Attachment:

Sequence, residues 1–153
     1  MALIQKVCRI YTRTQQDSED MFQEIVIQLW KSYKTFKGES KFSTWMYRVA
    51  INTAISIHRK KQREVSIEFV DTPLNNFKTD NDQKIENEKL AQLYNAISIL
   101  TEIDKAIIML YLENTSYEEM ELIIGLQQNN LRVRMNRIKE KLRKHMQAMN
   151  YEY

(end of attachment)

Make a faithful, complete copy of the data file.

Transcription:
Sequence, residues 1–153
     1  MALIQKVCRI YTRTQQDSED MFQEIVIQLW KSYKTFKGES KFSTWMYRVA
    51  INTAISIHRK KQREVSIEFV DTPLNNFKTD NDQKIENEKL AQLYNAISIL
   101  TEIDKAIIML YLENTSYEEM ELIIGLQQNN LRVRMNRIKE KLRKHMQAMN
   151  YEY